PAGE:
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Gift #1 the January Adventures in Being Triggered have given me

(See my posts #1-9 with the above title for reference. They’re all 2-min reads, except for Post #9, which is 5 minutes.)



Gift #1: more language for nondoing.


What I do in sessions can be hard to describe because it’s not mental. It’s a felt bodily experience.


Felt bodily experiences are profound.


And they typically read as underwhelming when you put them into words. (Because these experiences are beyond the grasp of the mind.)


But, here we go.


If nondoing is the “negative,” what we’re not doing...then the “affirmative” action (and yay for affirmative action all damn day) that we are “doing” is…


Wait for it…



We're actively being with ourselves.


See? Sounds underwhelming.


And yet beingwithness is the thing. It cures, heals, gives us, reminds us we already have, reminds us we already are, everything.



The closest comparison I can draw is how we are with little children for whom we feel great affection.


We might be playing with blocks. Relatively speaking, we don’t care about the blocks themselves. We don’t mind the blocks. But they are a means of being with, of showing affection and love and warmth for and toward, the little child.


We don’t want something from the child. We’re not being with them so that, ultimately, they’ll go away or get into a great school or become famous or even make us feel good. So: we’re not doing something to or about the child via the blocks. We have no agenda.


We’re simply being with the child for themselves. We love them for them.  


It’s not really about the action itself. It’s about your intention: you love the child for herself/themselves/himself. The child doesn’t have to do something for you to want to be around them. We have no agenda.


Agenda-free-ness--another word for beingwithness, for nondoing--is the thing. It’s the thing.  



In Inquiry Meditation, this is what we are “doing.”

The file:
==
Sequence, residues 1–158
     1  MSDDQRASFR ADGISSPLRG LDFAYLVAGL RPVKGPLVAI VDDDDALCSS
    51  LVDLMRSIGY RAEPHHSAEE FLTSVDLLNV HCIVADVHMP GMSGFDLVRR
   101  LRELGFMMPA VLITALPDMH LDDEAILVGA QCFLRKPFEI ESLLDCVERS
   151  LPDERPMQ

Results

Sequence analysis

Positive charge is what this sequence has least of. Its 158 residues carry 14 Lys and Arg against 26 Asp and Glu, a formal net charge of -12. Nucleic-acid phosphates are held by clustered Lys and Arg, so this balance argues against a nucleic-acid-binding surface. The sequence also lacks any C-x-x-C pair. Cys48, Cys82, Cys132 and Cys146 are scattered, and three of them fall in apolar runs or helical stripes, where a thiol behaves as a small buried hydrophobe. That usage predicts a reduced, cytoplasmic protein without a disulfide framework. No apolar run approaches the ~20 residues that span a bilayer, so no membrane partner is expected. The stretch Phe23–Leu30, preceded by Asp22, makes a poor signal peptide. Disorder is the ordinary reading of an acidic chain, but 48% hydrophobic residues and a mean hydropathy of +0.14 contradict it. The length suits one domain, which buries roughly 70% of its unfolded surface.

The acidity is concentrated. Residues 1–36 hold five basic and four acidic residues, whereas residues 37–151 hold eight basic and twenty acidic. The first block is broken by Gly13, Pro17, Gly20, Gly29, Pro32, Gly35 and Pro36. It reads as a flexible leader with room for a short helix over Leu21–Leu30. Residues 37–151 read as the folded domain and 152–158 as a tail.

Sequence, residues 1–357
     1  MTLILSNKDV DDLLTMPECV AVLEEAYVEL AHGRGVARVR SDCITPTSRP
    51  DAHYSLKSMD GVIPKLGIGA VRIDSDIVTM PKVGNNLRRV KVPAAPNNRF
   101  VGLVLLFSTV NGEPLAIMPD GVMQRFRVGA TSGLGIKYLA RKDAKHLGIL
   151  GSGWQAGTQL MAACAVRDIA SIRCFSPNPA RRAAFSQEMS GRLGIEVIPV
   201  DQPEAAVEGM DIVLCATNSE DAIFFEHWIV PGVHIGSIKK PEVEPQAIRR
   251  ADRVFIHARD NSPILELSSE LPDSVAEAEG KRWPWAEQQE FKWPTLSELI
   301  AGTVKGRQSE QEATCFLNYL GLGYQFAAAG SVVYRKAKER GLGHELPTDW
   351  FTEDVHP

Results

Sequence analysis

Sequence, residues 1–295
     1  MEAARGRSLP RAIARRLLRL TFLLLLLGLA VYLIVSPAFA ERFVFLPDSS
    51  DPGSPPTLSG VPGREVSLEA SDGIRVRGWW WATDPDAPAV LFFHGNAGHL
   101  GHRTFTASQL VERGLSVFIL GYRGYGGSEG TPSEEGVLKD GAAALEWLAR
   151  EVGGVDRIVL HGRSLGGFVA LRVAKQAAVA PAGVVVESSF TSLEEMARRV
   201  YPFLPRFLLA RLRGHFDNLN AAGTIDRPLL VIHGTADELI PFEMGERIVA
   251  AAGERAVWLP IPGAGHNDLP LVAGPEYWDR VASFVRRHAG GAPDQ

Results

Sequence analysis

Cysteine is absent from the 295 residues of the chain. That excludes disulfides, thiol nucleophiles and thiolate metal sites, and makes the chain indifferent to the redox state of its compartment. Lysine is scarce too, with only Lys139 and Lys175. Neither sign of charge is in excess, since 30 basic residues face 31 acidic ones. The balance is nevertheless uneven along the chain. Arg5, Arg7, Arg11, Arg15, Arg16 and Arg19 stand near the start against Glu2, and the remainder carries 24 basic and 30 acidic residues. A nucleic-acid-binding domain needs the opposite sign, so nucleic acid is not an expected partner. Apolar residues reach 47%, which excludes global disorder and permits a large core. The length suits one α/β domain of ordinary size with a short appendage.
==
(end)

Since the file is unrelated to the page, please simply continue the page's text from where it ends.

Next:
We are being with ourselves agenda-free and with more and more affection, and then with more and more great affection.


If we will welcome our triggers, our bodily upsets…if we will be with them instead of trying to make them go away: they will bless us—they will reveal themselves as the blessings they indeed are—and they will direct us far better, far more elegantly and intelligently, than we could ever direct ourselves.


Our triggers are blessings because they are our inner child parts, our inner child powers, that, at some point, we had to repress to survive.


And yes, this is true of healing trauma as well. The principle of beingwithness means that healing from trauma doesn’t have to be horrible and awful and gutting.

The trauma itself is, yes.

But the healing process doesn’t have to be.

It can, it would love to be, quite the opposite, actually.



When we “be with” our triggers, and yes, our trauma, too, agenda-free: then we integrate our repressed power—or rather, this is what happens. We don’t do it. It just—“just”—happens. We are returned to our power. Our wholeness.


This is what we’re up to in Inquiry Meditation.


Session by session, we engage in beingwithness. And we become evermore ourselves.


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